President Donald Trump’s reported statement about the need to block immigrants from “s-hole nations” such as Haiti, El Salvador and those in Africa is a painful reminder that America has a loutish, unrestrained and ignorant leader who is tearing down America’s image around the world. Coming days before the national holiday celebrating slain civil rights leader Martin Luther King Jr., Trump’s remarks, which he halfheartedly denied, set a new low.
In the short term, Trump’s vulgar comments are likely to make it even more difficult for Congress and the White House to cut a deal to maintain the Deferred Action for Childhood Arrivals program while also increasing the federal debt ceiling. But in the big picture, Americans should be profoundly troubled by the number of Trump supporters who mocked the criticism coming his way and said his remarks weren’t racist, just politically incorrect.
This exposes a huge cultural gap between views of what is and what isn’t acceptable in today’s society. Trump realized this gap existed in 2015 — and exploited it — when he launched his campaign by calling Mexican immigrants “rapists” who bring crime and drugs to America, and by saying all Muslim immigrants should be banned from the U.S. The president’s casual racism isn’t a bug in his public persona. It’s a feature. And the Americans who welcome it will still be there after Trump leaves office.
Are these Americans “deplorables,” to use Hilary Clinton’s term — men and women who should be shunned and marginalized whenever possible? Or is former President Barack Obama’s more charitable assessment accurate? In 2008, while campaigning in Pennsylvania, he said in remarks at a private fundraiser that after 25 years of economic stagnation or worse in the Midwest, “it’s not surprising” that disaffected whites “get bitter, they cling to guns or religion or antipathy to people who aren’t like them or anti-immigrant sentiment or anti-trade sentiment as a way to explain their frustrations.”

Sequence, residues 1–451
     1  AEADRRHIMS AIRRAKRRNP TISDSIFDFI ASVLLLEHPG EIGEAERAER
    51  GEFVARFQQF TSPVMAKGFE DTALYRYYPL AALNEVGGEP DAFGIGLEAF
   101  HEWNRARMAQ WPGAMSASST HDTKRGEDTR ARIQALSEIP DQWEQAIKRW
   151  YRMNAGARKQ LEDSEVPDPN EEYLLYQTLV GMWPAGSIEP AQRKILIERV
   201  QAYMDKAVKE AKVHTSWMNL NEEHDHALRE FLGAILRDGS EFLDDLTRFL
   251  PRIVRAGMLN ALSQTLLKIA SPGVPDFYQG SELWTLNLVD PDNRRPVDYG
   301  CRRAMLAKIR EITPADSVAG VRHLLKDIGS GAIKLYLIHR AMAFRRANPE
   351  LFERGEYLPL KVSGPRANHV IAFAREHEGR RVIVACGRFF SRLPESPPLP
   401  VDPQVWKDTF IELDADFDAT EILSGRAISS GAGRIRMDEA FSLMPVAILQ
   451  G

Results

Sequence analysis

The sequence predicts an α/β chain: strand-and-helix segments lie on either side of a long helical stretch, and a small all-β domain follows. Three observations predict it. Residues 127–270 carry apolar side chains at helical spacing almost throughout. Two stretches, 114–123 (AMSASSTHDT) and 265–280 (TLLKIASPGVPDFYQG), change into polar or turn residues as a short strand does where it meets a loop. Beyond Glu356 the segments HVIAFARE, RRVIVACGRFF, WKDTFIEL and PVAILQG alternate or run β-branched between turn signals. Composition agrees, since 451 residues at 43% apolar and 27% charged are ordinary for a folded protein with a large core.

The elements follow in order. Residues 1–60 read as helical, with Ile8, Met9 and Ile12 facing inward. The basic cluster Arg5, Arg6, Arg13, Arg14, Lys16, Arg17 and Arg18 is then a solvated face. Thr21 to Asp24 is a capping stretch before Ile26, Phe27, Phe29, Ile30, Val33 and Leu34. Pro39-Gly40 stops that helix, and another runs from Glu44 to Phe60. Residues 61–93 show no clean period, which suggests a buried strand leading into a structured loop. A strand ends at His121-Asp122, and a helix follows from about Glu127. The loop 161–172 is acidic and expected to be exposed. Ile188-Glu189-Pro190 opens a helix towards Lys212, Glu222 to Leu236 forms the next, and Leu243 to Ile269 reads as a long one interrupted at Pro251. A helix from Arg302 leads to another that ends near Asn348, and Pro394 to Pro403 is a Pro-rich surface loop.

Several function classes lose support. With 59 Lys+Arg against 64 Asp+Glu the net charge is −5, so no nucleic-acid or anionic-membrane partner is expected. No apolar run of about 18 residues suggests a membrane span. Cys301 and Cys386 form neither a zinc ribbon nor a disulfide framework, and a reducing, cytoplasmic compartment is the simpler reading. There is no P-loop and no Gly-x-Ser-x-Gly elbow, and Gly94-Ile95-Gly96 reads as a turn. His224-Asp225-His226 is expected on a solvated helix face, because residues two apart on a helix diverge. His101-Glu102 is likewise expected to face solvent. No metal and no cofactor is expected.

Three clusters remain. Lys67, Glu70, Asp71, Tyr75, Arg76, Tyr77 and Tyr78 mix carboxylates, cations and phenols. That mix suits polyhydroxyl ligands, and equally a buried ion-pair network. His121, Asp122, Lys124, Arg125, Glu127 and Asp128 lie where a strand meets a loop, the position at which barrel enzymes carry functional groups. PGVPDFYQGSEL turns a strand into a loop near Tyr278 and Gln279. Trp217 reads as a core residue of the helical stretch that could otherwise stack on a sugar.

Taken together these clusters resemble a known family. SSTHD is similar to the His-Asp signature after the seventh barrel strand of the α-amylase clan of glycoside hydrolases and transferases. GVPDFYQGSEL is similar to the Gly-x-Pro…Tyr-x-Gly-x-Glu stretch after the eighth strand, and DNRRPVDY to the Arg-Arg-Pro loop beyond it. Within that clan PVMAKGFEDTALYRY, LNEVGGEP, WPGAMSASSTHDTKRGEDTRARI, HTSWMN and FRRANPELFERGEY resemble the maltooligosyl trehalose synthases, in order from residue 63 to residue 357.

At the time, Obama drew sharp criticism for words that belittled Americans, gun owners and religion. But in retrospect, there is a quality of detached empathy in his remarks that is worth contemplating in the Trump era.
Liberal commentators like The New York Times’ columnist Paul Krugman and Vox co-founder Matthew Yglesias ridicule what they shorthand as the “economic anxiety” argument as being far too charitable to racists who disgrace America. But American politics would be healthier and more prone toward some gradual reconciliation if pundits and politicians can avoid what Ross Douthat, another columnist from The New York Times, called racial reductionism: “the idea that in analyzing American politics we have to choose between claiming that all Trump voters are entirely innocent of racism and damning them all as white nationalists.”
This Martin Luther King Jr. Day, it is appropriate to remember his deeply thoughtful views: “We must develop and maintain the capacity to forgive. He who is devoid of the power to forgive is devoid of the power to love. There is some good in the worst of us and some evil in the best of us. When we discover this, we are less prone to hate our enemies.”
The San Diego Union-Tribune Editorial Board appreciates that quite a few Americans will be unable to forgive Donald Trump. His habit of hateful, dismissive, cruel attacks on minorities and Muslims in particular have already made him one of the most reviled and divisive figures in modern U.S. history.
He won’t be president forever, but the tens of millions of Americans who for whatever reason rallied to his side will still be among us. In reaching out to them, we hope other Americans start with this thought: What would Martin Luther King Jr. do?
This editorial was written by the editorial staff of the San Diego Union-Tribune. Their opinion does not necessarily represent the views of The Lima News or its owner, AIM Media.Reach